The following ten steps are a possible strategy you can follow when preparing a research paper assignment. These steps are general in nature and can be adapted to any subject for which you need to find and present information.
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For your research paper, you may be assigned a particular topic, given broad suggestions, or you may have to think of your own subject. In the latter two cases, be sure to choose a subject that is neither too specific nor too general and is relevant to the course. It should be one that you find interesting, and one for which there is information available. A quick check of the library will satisfy the last requirement. If you have any questions and/or doubts concerning this or any other step then please consult your instructor, a tutor/mentor, or a librarian.
Your project must have limits. Within a broad or general topic, you will need to select a subtopic. By reading general information on the subject (in textbooks and library reference sources such as dictionaries, almanacs, atlases, or encyclopedias), you will discover the aspects of the subject and you may choose one of these.
When you have the topic narrowed down to a manageable size, you will need to establish a thesis for your paper. The thesis is a statement of the main idea of the paper -- what point will you prove or disprove in the paper? What is the argument that will be supported by your research? Do not phrase the thesis statement as a question, but rather, the thesis statement is the answer to a question or problem. For example, if your topic is "marriage breakdown," possible thesis statements could be:
On the Library home page, in the search box click on "Classic Catalogue." Enter your search words or phrase. Scroll down and pick location: REFERENCE. This will provide you with a number of reference works that will provide some introductory data that may be useful in more accurately defining your topic and in making sure the idea is neither too large nor too small. As an example researching ‘Women’ is much too broad (too many sources). On the other hand having a thesis topic on whether the final meal of Michael Jackson’s life played some part in his death is much too specific (No sources).
In the "Classic Catalogue" enter your search words to find books or other resources on your topic.. Open a few items and choose alternate/better words from the subject terms listed in different items. You can use these new words and change the drop down menu next to the search box to indicate ‘Subject’ to get even more accurate searches.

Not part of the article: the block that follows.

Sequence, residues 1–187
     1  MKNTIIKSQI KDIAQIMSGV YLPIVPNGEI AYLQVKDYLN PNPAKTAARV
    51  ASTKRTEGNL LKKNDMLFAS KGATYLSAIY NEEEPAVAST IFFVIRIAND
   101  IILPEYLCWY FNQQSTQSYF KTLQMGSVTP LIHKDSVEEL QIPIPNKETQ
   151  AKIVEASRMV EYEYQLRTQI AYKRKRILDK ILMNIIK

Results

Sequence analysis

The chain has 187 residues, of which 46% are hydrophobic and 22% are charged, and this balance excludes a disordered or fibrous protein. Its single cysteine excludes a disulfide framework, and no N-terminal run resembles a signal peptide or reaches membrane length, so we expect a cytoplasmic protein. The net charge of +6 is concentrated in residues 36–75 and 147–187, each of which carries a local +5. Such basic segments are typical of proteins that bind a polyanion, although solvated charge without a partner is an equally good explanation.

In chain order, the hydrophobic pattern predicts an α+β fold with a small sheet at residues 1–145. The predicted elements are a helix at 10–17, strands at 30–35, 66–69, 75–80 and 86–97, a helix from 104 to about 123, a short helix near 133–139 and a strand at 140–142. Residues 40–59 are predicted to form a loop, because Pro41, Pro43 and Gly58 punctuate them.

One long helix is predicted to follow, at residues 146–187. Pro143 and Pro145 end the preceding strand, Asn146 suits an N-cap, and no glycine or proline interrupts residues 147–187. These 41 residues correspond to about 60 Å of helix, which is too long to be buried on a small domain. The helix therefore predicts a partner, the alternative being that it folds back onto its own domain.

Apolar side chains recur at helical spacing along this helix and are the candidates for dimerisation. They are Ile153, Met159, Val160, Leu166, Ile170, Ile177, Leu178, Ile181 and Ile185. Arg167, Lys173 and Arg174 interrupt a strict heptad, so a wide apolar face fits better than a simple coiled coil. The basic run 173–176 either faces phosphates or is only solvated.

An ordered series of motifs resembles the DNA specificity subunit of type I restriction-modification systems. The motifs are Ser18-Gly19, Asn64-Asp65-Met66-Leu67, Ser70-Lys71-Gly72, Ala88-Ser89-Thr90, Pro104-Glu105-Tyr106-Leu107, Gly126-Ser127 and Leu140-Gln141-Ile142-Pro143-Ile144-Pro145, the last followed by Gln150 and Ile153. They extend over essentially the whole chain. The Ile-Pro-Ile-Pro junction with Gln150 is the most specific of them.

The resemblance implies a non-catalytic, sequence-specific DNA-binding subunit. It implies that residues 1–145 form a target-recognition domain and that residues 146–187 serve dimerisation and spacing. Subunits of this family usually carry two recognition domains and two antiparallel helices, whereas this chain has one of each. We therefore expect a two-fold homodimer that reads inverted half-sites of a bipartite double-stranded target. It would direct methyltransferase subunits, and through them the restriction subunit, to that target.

Magazines, journal articles, and newspapers are good sources for up-to-date information. Use the appropriate journal index or database to locate citations for specific articles on your topic. Many databases are available online at the library and they are listed on the library's ‘Databases’ page. Try a full-text database like ‘Academic Search Premier’ first, to retrieve complete articles on your topic. The library has journals available in print as well. If you want to find a lot of content at once, enter your search words into the Discovery Search box on the library home page. You will retrieve articles, as well as books and ebooks, in one search.
Books and journal articles that are not owned by CNC Library may be borrowed or acquired from another library. Material can take up to 2 weeks to arrive, so start your research early to ensure the requested material arrives in time for your research.
A lot of "good" and "bad" information is posted on the Internet. Evaluate these sources carefully, to ensure they are reputable, accurate, and relevant to your topic. Try to use online search engines like google or bing after you have completed your search for books, reference sources, and journal/magazines/newspaper articles, as these should fill out the bulk of your sources.
Complete this step in conjunction with Step 3 as you use the catalogue, journal indexes and online sources. This working bibliography keeps track of the sources you are using as you review them and provides information for your final bibliography. Different disciplines follow different "style sheets" for bibliographies and footnotes. Consult your instructor for an acceptable style. Information Sheets for APA, MLA, Chicago and ICMJE/Vancouver documentation styles are available in the library, in print or online on the Library's Citations page.
Skim through your sources to get the main ideas, making use of databases, tables of contents, and works cited areas. (Why not use research others have already completed for your own project?). Then read the pertinent sections again carefully, asking yourself "what does the author say that's important?" Make notes of the important points. Keep a laptop, tablet/notebook, or physical notepad nearby to keep track of notes. Be sure to note the page number, author and title of each source for points or quotes taken or paraphrased.